Introduction to generic and branded medicines

Generic drugs and brand drugsGeneric medicines are those which contain the same active ingredient (the ingredient which acts to cure the condition the medicine is used to treat) in the same quantity as a brand-name medicine. Generic medicines therefore have the same effect on the body in terms of curing disease as the brand-name medicines which they copy.

However, generic medicines are sold using a different name and may contain different inactive ingredients (ingredients that give the product its taste, shape texture, smell, et cetera, but which do not affect the body to relieve health conditions) compared with their branded counterparts. They should not be confused with counterfeit medicines, which are illegally manufactured copies that may or may not contain the same active ingredient.

The number of generic medicines being distributed in Australia is increasing. This is a move supported by the government, who have implemented a number of strategies to encourage the use of generic medicines because they are often cheaper than brand-name medicines. Use of generic medicines may also have cost benefits for the consumer and for pharmacies.

Although the use of generic medication is becoming more widely accepted by Australian doctors and consumers, many consumers in Australia (and overseas) have a mistrust of generic medicines. Furthermore, use of generic medication is still a controversial issue amongst doctors.

The generic pharmaceutical industry is growing, and these medicines are likely to become more common in Australia in the future. Increased education about generic medicines and the similarities and differences between generic and brand-name medicines is needed to allow consumers to make informed choices about which medicines they use. There is also a need for education regarding the testing that is carried out to ensure generic medicines are safe and have the same effect on the body as the brand they copy (known as therapeutic bioequivalence). Consumers also need to be aware of the risks that can be associated with switching from branded to generic medicines or vice versa.


What are branded medicines?

A branded medicine is the original product that has been developed by a pharmaceutical company. When a company develops a new medicine, their product must undergo and pass rigorous tests and evaluations to ensure that it is both effective in curing the condition it claims to treat and safe for human use. Because pharmaceutical companies invest considerable amounts of money to develop a new medicine, they are given the sole right to manufacture and distribute the medicine for a period of time.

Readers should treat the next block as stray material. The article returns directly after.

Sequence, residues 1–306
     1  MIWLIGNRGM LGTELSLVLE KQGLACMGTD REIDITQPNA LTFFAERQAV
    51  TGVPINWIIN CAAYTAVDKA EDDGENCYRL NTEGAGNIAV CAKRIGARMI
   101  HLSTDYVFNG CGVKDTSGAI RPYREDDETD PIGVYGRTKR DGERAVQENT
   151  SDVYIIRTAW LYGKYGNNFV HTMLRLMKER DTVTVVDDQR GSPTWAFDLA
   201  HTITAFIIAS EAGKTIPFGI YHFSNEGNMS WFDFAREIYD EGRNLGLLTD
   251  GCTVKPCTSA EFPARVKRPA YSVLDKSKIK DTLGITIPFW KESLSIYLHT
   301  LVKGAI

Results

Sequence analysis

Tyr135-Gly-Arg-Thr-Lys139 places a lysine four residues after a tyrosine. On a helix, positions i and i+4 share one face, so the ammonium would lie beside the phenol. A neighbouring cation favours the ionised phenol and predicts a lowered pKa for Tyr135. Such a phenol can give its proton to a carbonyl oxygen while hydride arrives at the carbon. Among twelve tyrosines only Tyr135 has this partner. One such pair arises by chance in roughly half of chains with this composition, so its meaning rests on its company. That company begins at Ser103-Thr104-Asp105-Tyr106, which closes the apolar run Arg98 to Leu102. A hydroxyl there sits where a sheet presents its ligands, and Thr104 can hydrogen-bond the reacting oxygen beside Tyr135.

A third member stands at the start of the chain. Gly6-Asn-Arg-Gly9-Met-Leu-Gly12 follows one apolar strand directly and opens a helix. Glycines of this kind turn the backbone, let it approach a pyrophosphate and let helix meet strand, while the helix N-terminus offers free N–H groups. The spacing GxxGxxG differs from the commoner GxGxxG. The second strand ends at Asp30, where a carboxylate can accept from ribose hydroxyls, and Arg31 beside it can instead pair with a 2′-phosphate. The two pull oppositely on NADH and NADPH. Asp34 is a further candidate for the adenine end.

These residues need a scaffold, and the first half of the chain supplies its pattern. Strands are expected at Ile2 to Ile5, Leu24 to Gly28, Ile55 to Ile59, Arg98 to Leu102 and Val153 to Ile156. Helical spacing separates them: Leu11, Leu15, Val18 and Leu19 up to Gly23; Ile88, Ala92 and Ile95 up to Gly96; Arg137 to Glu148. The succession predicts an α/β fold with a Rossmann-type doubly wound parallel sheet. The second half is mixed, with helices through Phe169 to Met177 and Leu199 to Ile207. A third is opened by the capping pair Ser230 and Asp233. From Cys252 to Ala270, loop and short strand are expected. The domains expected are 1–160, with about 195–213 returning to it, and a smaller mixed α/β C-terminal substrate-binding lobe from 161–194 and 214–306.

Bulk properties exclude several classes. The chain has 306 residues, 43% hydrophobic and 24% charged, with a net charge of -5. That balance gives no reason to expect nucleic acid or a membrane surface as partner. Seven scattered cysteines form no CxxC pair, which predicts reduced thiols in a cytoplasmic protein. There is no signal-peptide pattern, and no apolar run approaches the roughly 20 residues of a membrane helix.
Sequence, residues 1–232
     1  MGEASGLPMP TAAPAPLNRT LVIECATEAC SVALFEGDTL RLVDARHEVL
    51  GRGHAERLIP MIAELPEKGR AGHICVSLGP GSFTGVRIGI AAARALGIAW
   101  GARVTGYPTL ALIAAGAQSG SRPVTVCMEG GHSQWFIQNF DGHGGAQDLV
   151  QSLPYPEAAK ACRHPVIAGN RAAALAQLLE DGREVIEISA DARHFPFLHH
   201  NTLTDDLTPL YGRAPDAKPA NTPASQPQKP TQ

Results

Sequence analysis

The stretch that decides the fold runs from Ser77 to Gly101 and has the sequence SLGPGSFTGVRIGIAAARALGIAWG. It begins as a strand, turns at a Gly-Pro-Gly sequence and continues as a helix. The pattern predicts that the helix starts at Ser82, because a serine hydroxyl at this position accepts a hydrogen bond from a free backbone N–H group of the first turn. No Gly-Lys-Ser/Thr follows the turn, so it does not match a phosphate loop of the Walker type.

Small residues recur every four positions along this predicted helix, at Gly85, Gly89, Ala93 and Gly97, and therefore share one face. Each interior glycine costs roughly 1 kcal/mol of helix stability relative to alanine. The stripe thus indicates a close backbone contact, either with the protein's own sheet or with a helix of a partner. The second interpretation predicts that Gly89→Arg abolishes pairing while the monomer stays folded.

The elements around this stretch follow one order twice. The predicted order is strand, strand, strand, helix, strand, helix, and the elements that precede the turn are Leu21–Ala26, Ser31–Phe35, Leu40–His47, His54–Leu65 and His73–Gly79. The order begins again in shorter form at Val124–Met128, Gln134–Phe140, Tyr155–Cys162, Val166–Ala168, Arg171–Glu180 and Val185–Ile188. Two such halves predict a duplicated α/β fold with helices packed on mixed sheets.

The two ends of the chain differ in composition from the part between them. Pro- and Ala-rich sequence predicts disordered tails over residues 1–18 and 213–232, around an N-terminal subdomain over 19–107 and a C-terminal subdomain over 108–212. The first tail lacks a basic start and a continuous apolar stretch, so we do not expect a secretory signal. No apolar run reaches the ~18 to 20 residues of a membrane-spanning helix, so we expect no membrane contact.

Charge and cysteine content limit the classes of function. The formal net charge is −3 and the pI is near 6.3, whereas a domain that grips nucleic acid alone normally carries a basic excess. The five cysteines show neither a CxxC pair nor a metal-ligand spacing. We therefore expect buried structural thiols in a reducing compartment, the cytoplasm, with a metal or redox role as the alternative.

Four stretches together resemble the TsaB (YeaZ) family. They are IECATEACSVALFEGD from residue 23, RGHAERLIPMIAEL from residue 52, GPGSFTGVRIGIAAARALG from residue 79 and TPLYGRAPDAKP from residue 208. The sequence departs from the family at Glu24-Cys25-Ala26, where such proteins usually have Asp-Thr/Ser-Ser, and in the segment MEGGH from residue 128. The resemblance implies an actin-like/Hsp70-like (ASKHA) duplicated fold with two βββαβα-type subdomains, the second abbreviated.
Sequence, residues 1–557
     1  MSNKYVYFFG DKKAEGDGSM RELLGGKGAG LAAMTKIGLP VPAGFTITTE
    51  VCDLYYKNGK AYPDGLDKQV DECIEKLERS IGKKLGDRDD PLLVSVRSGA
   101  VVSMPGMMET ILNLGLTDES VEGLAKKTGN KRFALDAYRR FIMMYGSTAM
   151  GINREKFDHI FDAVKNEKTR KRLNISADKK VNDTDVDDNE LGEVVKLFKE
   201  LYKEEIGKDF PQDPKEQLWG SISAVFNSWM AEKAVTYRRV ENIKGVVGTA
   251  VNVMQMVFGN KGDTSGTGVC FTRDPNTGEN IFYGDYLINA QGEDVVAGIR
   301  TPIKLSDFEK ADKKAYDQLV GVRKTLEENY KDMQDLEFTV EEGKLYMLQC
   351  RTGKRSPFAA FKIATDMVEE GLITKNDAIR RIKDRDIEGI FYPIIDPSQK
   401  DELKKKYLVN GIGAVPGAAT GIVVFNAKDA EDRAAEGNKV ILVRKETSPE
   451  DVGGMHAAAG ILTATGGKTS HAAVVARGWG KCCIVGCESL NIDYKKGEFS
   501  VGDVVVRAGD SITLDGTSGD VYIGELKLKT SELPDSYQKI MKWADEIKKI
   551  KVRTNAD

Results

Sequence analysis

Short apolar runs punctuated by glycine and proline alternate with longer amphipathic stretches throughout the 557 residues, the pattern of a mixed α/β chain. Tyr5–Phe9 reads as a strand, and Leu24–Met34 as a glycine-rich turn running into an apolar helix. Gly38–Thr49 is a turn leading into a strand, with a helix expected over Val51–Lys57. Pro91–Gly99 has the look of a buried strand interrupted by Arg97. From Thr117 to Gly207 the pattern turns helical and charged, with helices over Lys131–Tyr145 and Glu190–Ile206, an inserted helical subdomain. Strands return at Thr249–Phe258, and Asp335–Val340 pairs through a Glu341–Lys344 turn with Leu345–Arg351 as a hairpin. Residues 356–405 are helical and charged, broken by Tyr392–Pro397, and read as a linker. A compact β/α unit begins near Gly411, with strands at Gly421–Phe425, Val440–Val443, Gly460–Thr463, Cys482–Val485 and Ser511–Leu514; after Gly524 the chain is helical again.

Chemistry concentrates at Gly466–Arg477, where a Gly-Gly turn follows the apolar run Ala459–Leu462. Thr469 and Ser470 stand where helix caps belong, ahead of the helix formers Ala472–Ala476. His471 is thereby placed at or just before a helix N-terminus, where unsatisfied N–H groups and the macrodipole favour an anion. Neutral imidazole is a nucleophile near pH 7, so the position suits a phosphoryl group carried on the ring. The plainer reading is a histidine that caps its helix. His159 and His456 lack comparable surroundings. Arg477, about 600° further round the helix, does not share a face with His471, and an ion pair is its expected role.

When a pharmaceutical company is given sole rights of manufacture and distribution, the medicine is said to have a patent on it. A patent is a technical description of what the drug is and what it is used for. For a period of time after the patent is granted, no one else can produce a drug that is the same as the patented drug; the medicine belongs exclusively to the original company. For this reason, branded medicines are the most well known and most trusted type of that particular medicine.


What are generic medicines?

A generic medicine is a copy of the original branded product. Once the patent for the original product has run out, the pharmaceutical company who developed the medicine no longer has the exclusive right to produce and distribute the medicine. Other pharmaceutical companies are able to create their own version of the medicine.

The type and quantity of the active ingredient in the generic product is the same as the branded version, but the inactive ingredients are slightly different. The generic medicine is sold under a different brand name and it may look different (e.g. in colour or shape) to the original.

Pseudo-generic medicines

A pseudo-generic product is not a remake of the original; it is an exact replica of the original. It is made by the same company with exactly the same ingredients in the same way. The only difference is the name and packaging.

These medicines are usually marketed by the same manufacturer at the same price as the original. Pharmaceutical companies make pseudo-generic products to combat true generics and to discourage competitor pharmaceutical companies from entering the market for that particular medicine.

Fillers, binders and lubricants

The inactive ingredients in a medicine can include substances such as lactose, dyes and gluten. For the majority of people, making changes to these ingredients does not change the effectiveness or safety of the medicine. The differences in formulation and production will, however, change the appearance of the medicine, for example the shape, colour, taste or texture. Changing the appearance of a medicine does not change the effect it has on the body, although it may affect the ease with which a person takes the medicine (e.g. how easy it is to swallow).

Differences between generic and branded medicines are important for people who have allergies and intolerances to some of the inactive ingredients used to make the medicine. Therefore it is very important to discuss any allergies you may have with your doctor and pharmacist before you take any medication, and before you switch from using a brand-name medicine to a generic medicine or vice versa.


Medicine labelling

All prescription medication will have the brand name on the label. This is the name with the registered or copyright sign attached to it. Underneath the brand name will be the name of the active ingredient in the product. In the case of a branded and generic medicine that copies it, the label for each medicine will have a different brand name, but the same active ingredient.


What is therapeutic bioequivalence?